On the occasion of conference on Agricultural Biotechnologies in Developing Countries (ABDC10) organized by the Food and Agriculture Organization (FAO) in Guadalajara, Mexico, BISAD expresses its support to fellow Boholano, Isidore “Boy” Ancog, who represents the Asian Farmers’ Alliance (AFA) and is currently staging a hunger strike at the conference venue in protest of the possible endorsement by the Conference and the FAO of GMOs for use by farmers in food and agriculture production. Like Boy, we do not believe that GMOs will solve the problems of low agricultural productivity, low rural incomes and widespread hunger across the world, especially in developing countries. Instead, we believe that GMOs exacerbate these problems by, among others, increasing agro-chemical use among farmers (through herbicide tolerant GMO crops), aggravating insect pest immunity (through pest resistance GMOs), upsetting natural flow and evolution of biodiversity (through GMO contamination) undermining and threatening farmers’ use of seeds (through application of intellectual property rights by corporations on GM crops), etc.

Continue reading BISAD Statement of Support to Hunger Strike against GMOs

FOR IMMEDIATE RELEASE – Filipino farmer goes on hunger strike during FAO biotech conference

Guadalajara, Mexico City, March 4, 2010 – A Filipino farmer attending a biotechnology conference organized by the Food and Agriculture Organization (FAO) went on hunger strike the other day in protest of what civil society organizations perceive to be a heavy bias of the event towards the use of genetically modified organisms in agriculture.

Isidoro “Boy” Ancog, an organic farmer from the province of Bohol in the Philippines, declared the hunger strike during the second day of the 10th FAO international technical conference entitled “Agricultural biotechnologies in developing countries: Options and opportunities in crops, forestry, livestock, fisheries and agro-industry to face the challenges of food insecurity and climate change (ABDC-10)”, being held in Guadalajara, Mexico on March 1-4, 2010.

He made his first intervention during the session on targeting biotechnologies for the poor on the first day of the conference, after the Chair of the session mentioned poor farmers and the need for them to tap on biotechnology.

“I am against GMOs. My province, Bohol, publicly rejects GMOs as a policy. The organizations I represent — PAKISAMA (National Confederation of Peasant Organizations in the Philippines), and AFA (Asian Farmers’ Association for Sustainable Rural Development) — are fighting against GMOs. Why? Because we firmly believe it is not the solution to poverty and hunger, but rather a cause of more deprivation in the future,” said Ancog.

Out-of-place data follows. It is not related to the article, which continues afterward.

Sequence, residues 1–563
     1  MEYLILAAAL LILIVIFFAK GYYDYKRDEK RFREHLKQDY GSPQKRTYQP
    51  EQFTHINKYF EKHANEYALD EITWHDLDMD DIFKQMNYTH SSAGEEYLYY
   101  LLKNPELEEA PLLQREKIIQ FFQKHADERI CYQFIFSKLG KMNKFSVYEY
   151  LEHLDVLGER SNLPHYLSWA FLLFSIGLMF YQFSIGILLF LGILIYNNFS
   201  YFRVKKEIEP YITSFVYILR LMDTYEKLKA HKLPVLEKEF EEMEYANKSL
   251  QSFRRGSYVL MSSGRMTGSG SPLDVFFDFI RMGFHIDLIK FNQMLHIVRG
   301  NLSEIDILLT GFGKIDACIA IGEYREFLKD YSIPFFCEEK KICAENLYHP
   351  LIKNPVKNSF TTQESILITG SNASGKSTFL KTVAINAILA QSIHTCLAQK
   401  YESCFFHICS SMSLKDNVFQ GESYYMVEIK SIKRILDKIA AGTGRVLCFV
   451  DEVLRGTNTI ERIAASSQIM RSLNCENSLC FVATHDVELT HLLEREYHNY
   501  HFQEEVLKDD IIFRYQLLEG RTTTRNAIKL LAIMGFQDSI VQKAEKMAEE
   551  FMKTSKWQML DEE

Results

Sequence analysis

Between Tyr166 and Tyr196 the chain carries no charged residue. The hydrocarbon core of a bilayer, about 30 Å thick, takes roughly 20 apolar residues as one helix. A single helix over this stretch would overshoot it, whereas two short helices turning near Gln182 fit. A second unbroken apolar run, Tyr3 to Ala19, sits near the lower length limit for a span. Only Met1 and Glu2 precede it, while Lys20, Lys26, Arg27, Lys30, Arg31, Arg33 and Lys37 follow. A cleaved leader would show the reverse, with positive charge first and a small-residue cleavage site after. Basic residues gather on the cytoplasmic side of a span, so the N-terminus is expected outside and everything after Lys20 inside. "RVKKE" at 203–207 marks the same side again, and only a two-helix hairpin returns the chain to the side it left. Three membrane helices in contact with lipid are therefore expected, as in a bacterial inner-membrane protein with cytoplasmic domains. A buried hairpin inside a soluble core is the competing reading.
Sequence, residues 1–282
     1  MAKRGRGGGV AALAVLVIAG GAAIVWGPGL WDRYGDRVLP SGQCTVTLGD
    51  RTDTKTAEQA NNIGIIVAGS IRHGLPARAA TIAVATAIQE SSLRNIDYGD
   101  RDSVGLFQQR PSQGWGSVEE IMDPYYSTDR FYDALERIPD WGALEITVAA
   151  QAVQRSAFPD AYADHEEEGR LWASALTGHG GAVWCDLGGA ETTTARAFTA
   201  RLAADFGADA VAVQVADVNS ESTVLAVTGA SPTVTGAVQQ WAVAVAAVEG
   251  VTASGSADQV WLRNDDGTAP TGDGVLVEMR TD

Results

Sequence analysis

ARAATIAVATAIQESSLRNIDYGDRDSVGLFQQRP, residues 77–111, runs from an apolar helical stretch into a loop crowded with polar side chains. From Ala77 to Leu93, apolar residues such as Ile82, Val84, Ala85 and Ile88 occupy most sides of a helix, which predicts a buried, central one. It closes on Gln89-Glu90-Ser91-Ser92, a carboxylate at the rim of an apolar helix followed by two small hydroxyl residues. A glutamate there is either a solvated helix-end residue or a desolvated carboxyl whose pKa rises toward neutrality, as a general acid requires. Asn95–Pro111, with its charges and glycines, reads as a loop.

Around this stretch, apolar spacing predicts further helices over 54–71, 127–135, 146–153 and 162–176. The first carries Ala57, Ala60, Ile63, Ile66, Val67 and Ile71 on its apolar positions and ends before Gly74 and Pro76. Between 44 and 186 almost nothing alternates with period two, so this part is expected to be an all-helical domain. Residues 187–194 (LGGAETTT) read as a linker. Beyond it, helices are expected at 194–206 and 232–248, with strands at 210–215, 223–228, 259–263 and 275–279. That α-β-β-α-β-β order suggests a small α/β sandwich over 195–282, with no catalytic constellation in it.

Continue reading FOR IMMEDIATE RELEASE – Filipino farmer goes on hunger strike during FAO biotech conference

Small farmers’ intervention during FAO biotech conference (Day 2)

(Speech delivered by Isidoro Angoc, staff-farmer of PAKISAMA, an AFA member, during the second day of the FAO international technical conference on “Agricultural biotechnologies in developing countries: Options and opportunities in crops, forestry, livestock, fisheries and agro-industry to face the challenges of food insecurity and climate change (ABDC-10)” being held in Guadalajara, Mexico on 1-4 March 2010. ABDC-10 is hosted by the Government of Mexico and co-sponsored by the International Fund for Agricultural Development (IFAD). The Consultative Group on International Agricultural Research (CGIAR), the Global Forum on Agricultural Research (GFAR), the International Centre for Genetic Engineering and Biotechnology (ICGEB) and the World Bank are major partners in this initiative. Click here to go to the conference website.)

Guadalajara, Mexico, March 2, 2010 — I am Isidore Ancog from AFA.

As in the past, modern technologies come and go in our small farmlands especially that of green revolution; some died early, some stayed longer, but just the same those did not sustain. Why because we don’t own those technologies. Those were imposed on us from the top. As usual technicians from either public or private sector, come to our farms and introduce new inventions, and when they fail they just disappear, living us cleaning their mess – sometimes it will take years. We do not even know the scientists who invented those technologies to let them hold accountable.